This is similar to what youtube does, when they advertice youtube, youtubeTV, youtubeMUSIC, youtubePODCAST etc.. They clearly cannot decide what their website is for.
Except Youtube established itself as being good at something(internet videos) before doing so.
Your page has yet to do that.
Except Youtube established itself as being good at something(internet videos) before doing so.
We didn’t go to the internet video area because the market is full of pirated material. Basically the videos that are in demand are all coming from Hollywood, and random programmer has no chance of getting a license to publish hollywood’s videos. It’s better to reject the whole area. If you go to that area, you end up maintaining technology that has one use case only: piracy.
Instead we built 3d graphics web site. Hollywood movies are not working with our technology, so the material that is in high demand wont be available with our system. Also piracy groups cannot use our system as part of their illegal operation, since we simply don’t support video files. Instead, we require users to build their own 3d models and any interactive stuff requires users to create the interaction themselves. This avoids cloning someone elses work, and can improve the copyright status of the end result. To help with the creation task, we built good developer tools that allow creating animations and deploy it in web.
This said, the system is geared towards young people using the system. Thus proper copyright controls are essential because we cannot expect that end users have sufficient knowledge about copyrights that they can do correct decisions and avoid pirated material while using the system. Thus the system needs to prevent those use cases from ever happening.
We didn’t go to the internet video area because the market is full of pirated material.
Oh? Can you tell me where? That way the infringing material can be pulled down instead of tools with a multitude of non-infringing uses.
Can you tell me where? That way the infringing material can be pulled down instead of tools with a multitude of non-infringing uses.
Like all of youtube. (see RIAA’s opinion about youtube-dl/moving the videos outside of youtubes system is not allowed according to RIAA/if our technology implements video file support, it anyway couldn’t use any of the videos “available” in youtube, given that it’s not allowed to take the material outside of youtube’s system => all youtube videos are pirated material that cannot be used in competing video sites)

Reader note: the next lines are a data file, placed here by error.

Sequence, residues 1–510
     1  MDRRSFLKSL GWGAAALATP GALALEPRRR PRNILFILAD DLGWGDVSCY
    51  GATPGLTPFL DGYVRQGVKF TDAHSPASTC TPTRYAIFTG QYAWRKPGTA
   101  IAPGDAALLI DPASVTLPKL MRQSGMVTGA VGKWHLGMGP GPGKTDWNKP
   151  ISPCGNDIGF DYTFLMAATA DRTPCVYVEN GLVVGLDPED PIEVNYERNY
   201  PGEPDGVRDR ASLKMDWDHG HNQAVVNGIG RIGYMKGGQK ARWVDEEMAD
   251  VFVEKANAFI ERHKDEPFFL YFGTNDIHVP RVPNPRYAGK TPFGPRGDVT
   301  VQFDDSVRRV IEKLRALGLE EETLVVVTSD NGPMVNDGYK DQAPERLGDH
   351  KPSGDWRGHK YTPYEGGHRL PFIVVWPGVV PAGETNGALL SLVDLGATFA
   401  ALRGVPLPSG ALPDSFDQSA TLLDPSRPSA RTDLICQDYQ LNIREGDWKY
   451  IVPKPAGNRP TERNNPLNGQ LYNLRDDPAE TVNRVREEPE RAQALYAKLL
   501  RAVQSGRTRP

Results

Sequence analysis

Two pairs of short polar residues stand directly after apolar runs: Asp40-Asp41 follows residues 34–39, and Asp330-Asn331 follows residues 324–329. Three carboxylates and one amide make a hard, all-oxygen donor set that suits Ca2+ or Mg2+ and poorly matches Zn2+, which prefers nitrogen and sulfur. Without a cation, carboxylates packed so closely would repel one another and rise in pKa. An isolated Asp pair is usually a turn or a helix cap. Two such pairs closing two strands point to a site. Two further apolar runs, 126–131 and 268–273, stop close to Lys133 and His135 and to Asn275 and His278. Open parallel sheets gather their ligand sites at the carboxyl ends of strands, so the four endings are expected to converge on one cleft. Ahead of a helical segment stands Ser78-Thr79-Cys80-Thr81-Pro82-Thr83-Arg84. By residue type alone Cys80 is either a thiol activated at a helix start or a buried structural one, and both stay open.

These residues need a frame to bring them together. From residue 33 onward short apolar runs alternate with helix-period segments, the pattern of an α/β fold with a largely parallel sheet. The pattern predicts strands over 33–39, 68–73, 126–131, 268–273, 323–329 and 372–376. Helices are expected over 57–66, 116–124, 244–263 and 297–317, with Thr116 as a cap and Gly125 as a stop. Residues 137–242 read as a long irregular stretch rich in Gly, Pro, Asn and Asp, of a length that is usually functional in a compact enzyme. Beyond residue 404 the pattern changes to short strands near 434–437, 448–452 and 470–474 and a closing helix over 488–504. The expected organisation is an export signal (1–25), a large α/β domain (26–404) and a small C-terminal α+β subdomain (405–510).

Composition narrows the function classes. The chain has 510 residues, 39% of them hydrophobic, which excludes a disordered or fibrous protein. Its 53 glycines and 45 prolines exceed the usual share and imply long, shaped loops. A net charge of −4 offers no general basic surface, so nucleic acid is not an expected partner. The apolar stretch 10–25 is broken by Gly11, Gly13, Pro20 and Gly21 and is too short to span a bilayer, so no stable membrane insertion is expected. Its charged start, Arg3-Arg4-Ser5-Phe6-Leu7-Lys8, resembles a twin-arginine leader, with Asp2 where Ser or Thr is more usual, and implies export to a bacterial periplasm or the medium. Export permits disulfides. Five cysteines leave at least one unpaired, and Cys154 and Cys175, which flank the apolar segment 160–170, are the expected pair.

Good luck with taking down youtube.
That way the infringing material can be pulled down
You probably want information how I figured out that all youtube videos are pirated infringing material. The steps are as follows:
1) when author has finished video available and the author spent X hours of effort to create the material
2) then youtube requires permission from the author to upload the material to youtube
3) but this permission isn’t valid given that proper compensation negotiation has not taken place yet. I.e. the paperwork does not have exact money amounts that get transferred if author accepts the contract. Instead youtube expect authors to accept the agreement without knowing the level of compensation that is expected. So authors cannot do valid comparision of effort amount in (1) to the compensation amount in (2).
4) Later youtube decides without consulting the video author about how much money they are willing to pay. At this point the video has already been available in youtube for longer time, and this change in the money amount materially changes the contract between the author and youtube.
5) Because the compensation amount was not specified in the permission negotiation, the permission is legally invalid.
Thus all youtube videos are pirated. Youtube didn’t pay anything for millions of videos and still they claim to have license to the videos in question. This isn’t true, given that the negotiations were rigged against all the authors in unfair way.
It’s always been a problem that people who are nearer to money sources are getting bigger chunk of the cake than people who are building the plumbing/fundamentals needed for the system to work.
I mean, this is a problem across industries. Middlemen do pocket a considerable portion of money. However, here’s the problem why that’s a meaningless argument coming from you: you’ve advocated that we pay the RIAA and MPA huge amounts of money, despite their middleman status and the fact that they’ve contributed nothing to the production of content besides a vague promise that they will pay the government to sue innocent people for alleged copyright infringement. Your anger is not actually directed at middlemen, it’s just directed at middlemen you consider fashionable to hate.
It also explains why my web site meshpage.org has no customers and money is going to the people who are in marketing instead of technology.
Meshpage isn’t getting money, period, because it’s fucking terrible at doing what it was originally supposed to do. You created 3D imaging software aimed at children when your personal dream world has no children in it to start with. The fact that people need to spend money on marketing in a modern world is an unfortunate element of reality, but if it means anything to you I don’t see anyone rising to take you on as a marketing client. There is absolutely no selling point for a Finnish madman’s power fantasy.
Thus the system needs to prevent those use cases from ever happening.
This is your reminder that you personally used a 3D model of a FNAF animatronic that you had no legal copyright to use, and proves once again that your system is not the copyright enforcement god-tier software you imagine it to be.
Instead youtube expect authors to accept the agreement without knowing the level of compensation that is expected. So authors cannot do valid comparision of effort amount in (1) to the compensation amount in (2).
Video hosting platforms are not bosses. They don’t pay you to host your content. In the same way, if you advertise your services via an ad in the newspaper, the newspaper doesn’t owe you money if you don’t become as rich as you want to.
Youtube didn’t pay anything for millions of videos and still they claim to have license to the videos in question.